On April 3rd, I lost my grandfather, Dr. Irfan Ahmad Khan; April 7th would have been his 87th birthday. In this moment of stillness, following the flurry of the funeral and the sad reunion of our family, my heart is heavy with sorrow and regret. I miss him a lot.
With that grief comes the questions, the never ending circuit of doubt. Now I am contemplating things that I could’ve done differently. Things that would have granted me one more precious moment with him before he lost consciousness. Things that I could have said so that there would be no wavering doubt about my love for him before he moved on from us. Or maybe, I would have just talked to him.
But here I am, without those options, with truly nothing to offer him, but to hope that I can carry on his mission, InshaAllah.
I was his eldest grandchild and because of this I was blessed with unique opportunities. At 15, he helped me attend the Council for a Parliament of World Religions Summit in Cape Town, South Africa. It was one of the most amazing and formative experiences in my life – especially being only 15! I remember attending all kinds of programs on various religions striving for a way to live peacefully together. It was a truly inspiring event in my life that fueled my desire to contribute to the field of interfaith peace.
One of my most vivid memories of my Nana, and one that impacted my life was when he visited us in Malaysia when I was a teen. I remember that we were over at our family friend’s home, Zeenat auntie and Mumtaz uncle’s and Nana was translating Surah Al-Ma’un. As I sat there listening to him discuss the importance of supporting those who are vulnerable and in need of help, I vowed to myself that I would always do my part and contribute. His words, and the values that he embodied and lived out, eventually lead me towards a career in social work.
I spent a summer during college working for him. I remember him sending me a very formal offer to work for him – with the letterhead from his organization AQU (Association for Qur’anic Understanding). Me thinking that it was official business wrote just as formally – without a letterhead as I had no organization of my own. I agreed. And so I spent that summer before I graduated with my grandparents. And I saw how they were struggling to be on their own. I wrote to my parents promising that I would move to Chicago to be with them after I graduated. While I was tempted to deviate from that when I did graduate – I kept my promise.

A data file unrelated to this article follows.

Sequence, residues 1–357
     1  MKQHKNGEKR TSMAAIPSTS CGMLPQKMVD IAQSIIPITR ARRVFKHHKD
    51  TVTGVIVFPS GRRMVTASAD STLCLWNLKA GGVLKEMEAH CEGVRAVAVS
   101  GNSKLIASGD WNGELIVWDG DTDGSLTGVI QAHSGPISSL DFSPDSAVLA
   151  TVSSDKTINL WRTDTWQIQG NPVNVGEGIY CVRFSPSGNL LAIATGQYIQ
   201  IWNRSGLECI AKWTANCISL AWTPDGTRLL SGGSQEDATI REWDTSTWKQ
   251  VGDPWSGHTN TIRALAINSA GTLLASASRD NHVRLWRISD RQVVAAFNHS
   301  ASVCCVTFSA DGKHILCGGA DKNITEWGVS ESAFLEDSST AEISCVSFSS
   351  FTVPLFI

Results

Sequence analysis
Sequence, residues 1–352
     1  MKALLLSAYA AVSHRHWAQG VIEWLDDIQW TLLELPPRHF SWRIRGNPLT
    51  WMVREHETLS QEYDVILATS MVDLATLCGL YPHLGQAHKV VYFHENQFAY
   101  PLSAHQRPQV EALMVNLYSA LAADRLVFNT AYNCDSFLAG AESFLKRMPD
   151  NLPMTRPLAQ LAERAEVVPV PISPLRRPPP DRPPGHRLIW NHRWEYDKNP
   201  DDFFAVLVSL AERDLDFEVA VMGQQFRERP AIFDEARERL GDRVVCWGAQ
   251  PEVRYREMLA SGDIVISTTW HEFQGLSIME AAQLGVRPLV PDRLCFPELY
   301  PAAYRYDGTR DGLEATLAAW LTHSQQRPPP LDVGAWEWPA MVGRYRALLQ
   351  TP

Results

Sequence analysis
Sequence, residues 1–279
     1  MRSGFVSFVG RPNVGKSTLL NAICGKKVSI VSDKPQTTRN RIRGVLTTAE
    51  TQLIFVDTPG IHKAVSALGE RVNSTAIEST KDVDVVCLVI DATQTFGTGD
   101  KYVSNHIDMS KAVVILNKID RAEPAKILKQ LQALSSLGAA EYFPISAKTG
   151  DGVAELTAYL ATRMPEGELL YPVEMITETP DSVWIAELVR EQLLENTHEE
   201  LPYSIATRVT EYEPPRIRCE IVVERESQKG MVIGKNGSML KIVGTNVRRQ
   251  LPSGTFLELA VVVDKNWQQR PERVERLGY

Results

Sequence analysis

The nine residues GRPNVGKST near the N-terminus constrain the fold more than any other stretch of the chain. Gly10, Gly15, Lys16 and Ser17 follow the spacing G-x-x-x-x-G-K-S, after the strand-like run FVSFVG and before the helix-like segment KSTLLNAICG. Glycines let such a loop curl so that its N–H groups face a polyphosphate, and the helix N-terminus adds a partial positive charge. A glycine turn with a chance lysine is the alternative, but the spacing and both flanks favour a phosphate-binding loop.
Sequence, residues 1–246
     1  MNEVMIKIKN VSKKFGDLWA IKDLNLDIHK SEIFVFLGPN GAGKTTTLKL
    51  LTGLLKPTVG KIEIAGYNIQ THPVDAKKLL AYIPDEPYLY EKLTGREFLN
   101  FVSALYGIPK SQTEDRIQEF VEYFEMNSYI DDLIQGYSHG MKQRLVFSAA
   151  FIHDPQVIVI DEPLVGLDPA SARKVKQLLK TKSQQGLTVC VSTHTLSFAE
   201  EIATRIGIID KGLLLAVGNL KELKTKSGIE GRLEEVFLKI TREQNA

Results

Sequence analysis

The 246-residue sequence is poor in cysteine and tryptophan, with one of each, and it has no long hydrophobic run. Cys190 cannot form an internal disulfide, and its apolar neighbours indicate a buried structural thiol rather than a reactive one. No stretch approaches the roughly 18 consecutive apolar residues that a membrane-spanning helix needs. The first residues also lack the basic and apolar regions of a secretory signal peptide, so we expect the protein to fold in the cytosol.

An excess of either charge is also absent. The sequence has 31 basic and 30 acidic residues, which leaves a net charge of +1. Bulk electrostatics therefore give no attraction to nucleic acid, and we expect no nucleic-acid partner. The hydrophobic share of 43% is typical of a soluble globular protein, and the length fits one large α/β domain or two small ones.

That was the year I was mostly Nana’s assistant – and Nani’s too. It was not an easy place to be and I was pretty lonely as I didn’t know anyone outside of nani nana. But I got to be with my grandparents in a way I know no one else has. Nani became my best friend. And I learned about some fascinating work that Nana did – and met some interesting people too, even visiting a Zoroastrian Temple for an event where Nana spoke.
He had recently published his Reflections on the Qur’an book then, and he was determined to get that book to everyone possible. I was pulling up lists of all the mosques and libraries in the country that we were going to mail it out to. So we were at the Post Office a lot. Everyone he met got that book for free. Even the clerk at the post office! And mailman! And the people at the cell phone store. Where the money would come from to pay for these books – he never worried about. And those books were almost $40 each. He always had this seemingly blind Faith that resources would appear from thin air. I remember being concerned as to how nana would get money for things. But he did, SubhanAllah.
He was constantly springing up some new amazing project he was planning on starting or about a previous one he accomplished that would make my jaw drop. Working with the Dalai Lama, meeting world leaders. Promoting love and peace between religions and trying to solve the issues through advocacy.
I think of his laugh, the one he did when he would get excited or when he knew he was making some ridiculous request. I loved hearing it. He would get away with doing things that would have made anyone else look outrageous or crazy – but somehow when Nana did it, he would laugh along with everyone else.
I also think of his anger and not so infrequent outbursts of impatience. But you could never get too upset with him for it, and when I think about it now, it makes me laugh. He was always so deep in thought, that if someone came and messed with his thought process he would get disoriented – and hence – so upset.
I once was sitting by him eating breakfast and thought of a question I wanted to ask on Sufism. He got so upset that I interrupted his thoughts that he accused me of not loving him and told me that next time I had to ask permission before I could ask him another question.
I think of his sweet little quirks where his chai had to be absolutely perfect – piping hot but not too hot. He was always sending us to warm up his chai in the microwave, so one day I thought of warming it a few extra seconds so that it wouldn’t get too cold too soon. Then with his first sip he got so mad at me and blamed me for burning his tongue.
Despite his anger, he truly was one of the sweetest people I know. His loved everyone. His determination to bring the world together was steadfast. He was this little old man with so much feist and energy, he put teenagers to shame. He always kept his little bags of chai close, in case sleep ever dared to interrupt him! He was an elderly man, yet nothing seemed to stop him. If he thought someone ever needed help, he was ready to be there. He would always call me, even after I was married and moved away offering help.. And I would think to myself – I need to be doing that for him! He would even call after I had kids – which was rare mostly because even taking a call was a task for me. He would hear crying in the back, then say – ‘ok I know you are very busy’ and hang up. That was one of the last conversations I had with him.